A new genetic examination of ancient teeth has shattered a widely held assumption about Native American origins, revealing that the original occupants of what is now America were not who we thought they were. The idea says that the First Peoples arrived on the continent from Japan around 15,000 years ago, based mostly on archaeological evidence found at Native American sites. Native American stone tools and other stone artifacts resemble those of the Jmon people, a varied hunter-gatherer group who lived in ancient Japan from roughly 14,000 to 300 BCE.
Based on this and analysis of their migration across the continent, Native Americans are thought to have made their way across the Pacific Ocean’s northern rim, across the Bering Land Bridge (dry land that connected Siberia and Alaska during the last ice age), and finally to the northwest coast of North America.
That much may still be true, but according to a new study published in the journal PaleoAmerica, Native Americans were not most likely descended from the Japanese Jmon people. Professor Richard Scott of the University of Nevada-Reno headed the research that looked at ancient teeth from the Americas, Asia, and the Pacific. Native American teeth were found to have little in common with those of the Jmon people, and additional genetic testing confirmed this.
Professor Scott said in a statement, “We found that human biology just does not fit up with the archaeological explanation.” “We don’t doubt that ancient Native Americans arrived via the Northwest Pacific coast; we just oppose the assumption that they originated with the Jmon people of Japan.”
With only 7% of the Jmon people’s teeth related to non-Arctic Native Americans and genetic evidence to back it up, it is safe to assume that Native Americans came from somewhere else. “The Jomon, who lived 15,000 years ago in Japan, are an unusual source for Indigenous Americans.” There is no evidence of a link between Japan and America in skeletal biology or genetics “Scott continued. “Siberia looks to be the most plausible source of the Native American population.”
The study was hampered by the fact that the teeth and DNA samples were taken from the Jmon people were less than 10,000 years old, which is how long after the first Native Americans are supposed to have landed on the continent. The researchers believe the samples are “good proxies” for the Jmon people who resided in Japan for the previous 5-6,000 years. A new footprint discovered at an old lakebed in what is now White Sands National Park in New Mexico adds to the evidence that the First Americans did not come from Japan. The footprints date from 23,000 to 21,000 years ago, long before humans were thought to have landed on the continent.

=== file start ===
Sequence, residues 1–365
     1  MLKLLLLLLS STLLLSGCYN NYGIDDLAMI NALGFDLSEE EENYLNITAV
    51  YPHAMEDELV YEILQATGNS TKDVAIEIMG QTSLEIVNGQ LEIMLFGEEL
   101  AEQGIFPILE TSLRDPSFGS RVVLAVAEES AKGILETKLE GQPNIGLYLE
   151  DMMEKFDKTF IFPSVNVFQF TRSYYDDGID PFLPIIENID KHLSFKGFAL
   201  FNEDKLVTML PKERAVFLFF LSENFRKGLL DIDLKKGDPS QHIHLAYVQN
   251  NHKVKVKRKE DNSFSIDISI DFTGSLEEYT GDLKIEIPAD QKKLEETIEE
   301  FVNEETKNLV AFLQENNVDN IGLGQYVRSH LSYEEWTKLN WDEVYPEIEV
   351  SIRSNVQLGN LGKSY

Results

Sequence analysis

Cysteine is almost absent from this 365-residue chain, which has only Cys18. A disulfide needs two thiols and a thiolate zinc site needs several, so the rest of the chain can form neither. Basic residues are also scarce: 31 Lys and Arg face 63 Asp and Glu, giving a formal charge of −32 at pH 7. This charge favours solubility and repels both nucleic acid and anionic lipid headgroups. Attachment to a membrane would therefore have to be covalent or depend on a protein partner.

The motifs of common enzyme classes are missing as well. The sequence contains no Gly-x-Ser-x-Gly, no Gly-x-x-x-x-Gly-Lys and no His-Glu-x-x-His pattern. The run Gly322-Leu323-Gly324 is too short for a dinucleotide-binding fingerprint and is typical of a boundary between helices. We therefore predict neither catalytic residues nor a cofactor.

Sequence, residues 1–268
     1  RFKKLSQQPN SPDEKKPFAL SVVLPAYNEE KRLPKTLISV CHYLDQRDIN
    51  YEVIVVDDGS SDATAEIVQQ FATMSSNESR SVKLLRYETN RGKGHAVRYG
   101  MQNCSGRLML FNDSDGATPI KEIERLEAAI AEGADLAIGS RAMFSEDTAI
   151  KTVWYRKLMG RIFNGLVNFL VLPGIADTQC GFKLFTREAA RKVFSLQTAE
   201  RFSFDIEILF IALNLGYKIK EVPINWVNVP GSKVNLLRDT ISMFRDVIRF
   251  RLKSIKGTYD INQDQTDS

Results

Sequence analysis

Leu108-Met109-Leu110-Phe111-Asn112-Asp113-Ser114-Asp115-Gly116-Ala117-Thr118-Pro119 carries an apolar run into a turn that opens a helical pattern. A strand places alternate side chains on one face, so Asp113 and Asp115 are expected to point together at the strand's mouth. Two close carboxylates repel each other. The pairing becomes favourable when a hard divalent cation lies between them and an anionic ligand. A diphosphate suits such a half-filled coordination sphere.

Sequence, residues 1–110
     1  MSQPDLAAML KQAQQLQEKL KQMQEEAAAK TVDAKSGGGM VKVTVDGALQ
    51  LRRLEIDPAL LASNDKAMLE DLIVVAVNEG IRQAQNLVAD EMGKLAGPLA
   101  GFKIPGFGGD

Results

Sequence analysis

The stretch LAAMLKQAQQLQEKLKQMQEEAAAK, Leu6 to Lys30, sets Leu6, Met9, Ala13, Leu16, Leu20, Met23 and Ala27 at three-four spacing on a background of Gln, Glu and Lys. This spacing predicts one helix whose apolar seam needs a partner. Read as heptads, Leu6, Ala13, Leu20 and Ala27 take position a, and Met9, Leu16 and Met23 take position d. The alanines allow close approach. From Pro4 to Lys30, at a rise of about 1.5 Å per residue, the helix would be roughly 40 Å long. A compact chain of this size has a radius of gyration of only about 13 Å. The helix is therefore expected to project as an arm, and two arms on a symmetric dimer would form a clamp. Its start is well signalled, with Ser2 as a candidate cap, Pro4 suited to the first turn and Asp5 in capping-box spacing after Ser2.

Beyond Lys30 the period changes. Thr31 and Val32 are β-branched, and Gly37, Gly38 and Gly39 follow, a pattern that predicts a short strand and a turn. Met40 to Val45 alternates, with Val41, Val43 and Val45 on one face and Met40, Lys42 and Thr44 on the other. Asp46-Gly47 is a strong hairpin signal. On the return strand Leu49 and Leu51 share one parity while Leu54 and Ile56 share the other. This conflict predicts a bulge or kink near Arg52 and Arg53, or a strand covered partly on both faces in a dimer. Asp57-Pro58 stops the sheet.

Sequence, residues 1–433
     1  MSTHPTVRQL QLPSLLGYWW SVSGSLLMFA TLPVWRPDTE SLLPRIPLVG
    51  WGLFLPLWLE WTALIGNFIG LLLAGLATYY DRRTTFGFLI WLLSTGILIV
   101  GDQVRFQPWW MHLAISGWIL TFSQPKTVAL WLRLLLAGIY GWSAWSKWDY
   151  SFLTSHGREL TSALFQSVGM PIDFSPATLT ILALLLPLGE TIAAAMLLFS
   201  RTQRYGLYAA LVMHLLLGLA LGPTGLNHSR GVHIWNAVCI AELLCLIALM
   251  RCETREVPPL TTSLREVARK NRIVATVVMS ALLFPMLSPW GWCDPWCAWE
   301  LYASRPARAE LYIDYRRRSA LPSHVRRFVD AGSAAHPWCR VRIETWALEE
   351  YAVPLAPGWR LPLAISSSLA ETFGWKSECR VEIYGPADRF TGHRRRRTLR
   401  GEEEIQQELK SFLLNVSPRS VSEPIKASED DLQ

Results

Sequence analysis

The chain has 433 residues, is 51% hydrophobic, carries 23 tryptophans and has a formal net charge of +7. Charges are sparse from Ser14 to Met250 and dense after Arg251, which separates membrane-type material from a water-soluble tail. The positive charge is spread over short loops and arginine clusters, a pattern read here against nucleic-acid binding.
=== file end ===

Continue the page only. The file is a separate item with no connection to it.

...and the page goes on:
“Based on the findings, the earliest migrations would have come from Asia, across the Bering Land Bridge, and arriving in Alaska.” We previously assumed that they would migrate south after the ice sheets melted and a migration corridor opened around 16,000 [years ago], but the earlier date from White Sands indicates that humans were already in the Americas “IFLScience spoke with Dr. Sally Reynolds, a co-author of the team that confirmed the prints were made by humans. “This implies that humans arrived in the Americas considerably earlier, but along the same path.”
It remains to seen whether the imprints are firmly related to Native Americans, but for the time being, it appears that the previous hypothesis that Native Americans arrived via Japan has been discredited. “The Incipient Jomon population provides one of the least plausible origins for Native American peoples of any non-African population,” Dr. Scott finds.